Will Self opened the event with an uncharacteristically cheerful plea for more playfulness and recounted his experience of walking to and from airports and the effect it has on the perception of time and space. The next day Brian Eno walked to Tobacco Dock from his home in Notting Hill, taking only a small sample of his Oblique Strategies cards and some loose pages of paper with him - the pioneers of electronic music keeps his presentations strictly analogue!
At the other end of the scale were Paul D. Miller aka DJ Spooky who treated the audience to a guided tour of his iPad, taking in the history of songwriting, sound research and music technology; Soh Yeong Roh who introduced a whole range of companion robots from drinking buddies for lonely singles to swearing grannies for polite introverts; not to mention live microchipping of human volunteers.
FutureFest is a two-day conference at the intersection of research, creativity and innovation. Launched three years ago by Nesta (formerly the National Endowment for Science Technology and the Arts, now an independent charity), the 2016 edition had four overriding themes: Work, Love, Thrive and Play. But just like the boundaries between work and fun become increasingly blurred did most contributions tick more than one box. FutureFest itself is both a serious conference and a festival, attracting a predominantly professional crowd despite taking up an entire weekend.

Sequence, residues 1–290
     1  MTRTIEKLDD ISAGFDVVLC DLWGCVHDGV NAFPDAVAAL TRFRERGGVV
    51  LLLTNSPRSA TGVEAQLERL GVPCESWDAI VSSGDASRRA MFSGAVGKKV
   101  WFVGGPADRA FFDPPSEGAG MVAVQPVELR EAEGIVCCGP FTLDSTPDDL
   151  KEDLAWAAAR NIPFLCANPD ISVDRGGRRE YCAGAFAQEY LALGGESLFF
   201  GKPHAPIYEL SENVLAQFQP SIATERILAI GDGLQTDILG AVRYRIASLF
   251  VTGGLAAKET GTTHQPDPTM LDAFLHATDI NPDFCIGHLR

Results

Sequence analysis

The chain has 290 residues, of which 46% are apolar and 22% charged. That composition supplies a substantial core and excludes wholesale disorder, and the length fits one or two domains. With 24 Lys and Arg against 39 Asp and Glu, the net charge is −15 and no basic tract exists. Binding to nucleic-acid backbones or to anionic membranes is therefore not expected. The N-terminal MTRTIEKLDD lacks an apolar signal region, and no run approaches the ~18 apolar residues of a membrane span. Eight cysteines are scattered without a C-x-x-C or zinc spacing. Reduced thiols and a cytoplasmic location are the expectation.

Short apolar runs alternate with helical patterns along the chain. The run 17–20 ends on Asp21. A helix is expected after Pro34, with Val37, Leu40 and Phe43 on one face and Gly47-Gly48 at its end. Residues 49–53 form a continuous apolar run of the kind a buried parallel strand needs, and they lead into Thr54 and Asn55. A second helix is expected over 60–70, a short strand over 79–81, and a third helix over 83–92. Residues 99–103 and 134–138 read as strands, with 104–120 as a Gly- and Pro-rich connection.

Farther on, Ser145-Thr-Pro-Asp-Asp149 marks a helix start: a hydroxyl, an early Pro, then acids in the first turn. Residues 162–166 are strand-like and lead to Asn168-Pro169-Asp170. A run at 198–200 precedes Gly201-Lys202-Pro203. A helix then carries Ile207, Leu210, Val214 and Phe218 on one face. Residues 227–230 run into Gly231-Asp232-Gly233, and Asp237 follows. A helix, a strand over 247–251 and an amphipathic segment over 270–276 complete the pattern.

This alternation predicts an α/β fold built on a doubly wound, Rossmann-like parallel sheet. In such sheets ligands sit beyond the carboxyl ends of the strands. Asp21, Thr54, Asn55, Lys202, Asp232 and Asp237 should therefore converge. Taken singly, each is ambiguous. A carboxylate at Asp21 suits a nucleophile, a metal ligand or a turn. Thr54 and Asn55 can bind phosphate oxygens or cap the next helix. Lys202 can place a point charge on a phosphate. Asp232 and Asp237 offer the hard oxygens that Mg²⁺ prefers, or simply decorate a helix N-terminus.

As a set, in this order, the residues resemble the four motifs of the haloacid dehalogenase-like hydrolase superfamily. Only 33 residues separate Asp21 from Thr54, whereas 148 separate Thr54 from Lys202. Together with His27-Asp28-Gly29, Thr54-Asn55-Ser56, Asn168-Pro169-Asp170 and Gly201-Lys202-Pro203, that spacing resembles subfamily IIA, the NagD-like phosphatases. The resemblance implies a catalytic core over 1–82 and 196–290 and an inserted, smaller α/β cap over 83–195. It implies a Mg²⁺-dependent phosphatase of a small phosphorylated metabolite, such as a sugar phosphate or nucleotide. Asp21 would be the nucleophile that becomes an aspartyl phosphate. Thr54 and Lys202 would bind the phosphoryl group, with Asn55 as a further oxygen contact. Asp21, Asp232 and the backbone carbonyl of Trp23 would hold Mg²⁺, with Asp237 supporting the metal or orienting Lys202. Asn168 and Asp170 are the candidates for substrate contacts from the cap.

One overriding theme was the significance of playful risk taking, starting with the lack of public space for children to roam in urban environments and the absence of fun in schools, through to the need for creativity in all departments and the importance of learning from bad ideas, no room for serendipity in recruitment and selection processes based on metrics.
While last year included contributions from Spain’s Podemos and Iceland’s Pirate Party and a video call with Edward Snowden, this year’s political contributions seemed the weakest link in a post-Brexit and pre-Trump limboland. The general consensus across all strands was that you can’t predict the future, you have to invent it - by breaking down existing structures from the grassroots up.
From a personal growth perspective Bill Burnett and Dave Evans gave practical advice on putting design principles at the core of creating a more satisfying life plan:
- What are the best parts of the life you already have?
- What would you do if what you do now didn’t exist?
- If money was no object and they wouldn’t laugh at you, what would you do?
Overall, FutureFest is positioned more at the heart of creative industries than at the wider intersection of science and culture, hence the concentration on technology and design-based disciplines. Yet it was the artists who made the robots come alive, put the fun into AR and reminded us of life beyond STEM. These and other examples also highlighted the relevance of interrelation between art and science across all aspects of modern life from healthcare and nutrition, education and entertainment, to urban planning and life after death.
And now on to something completely different, with just a fortnight to go until Frieze London opens its gates again, the fair’s Talks programme has just been announced. Themed “Borderlands” artists will share their take on the current political climate, refugee crisis and an increasingly divided society. We could do a lot worse than looking at art to make sense of the world.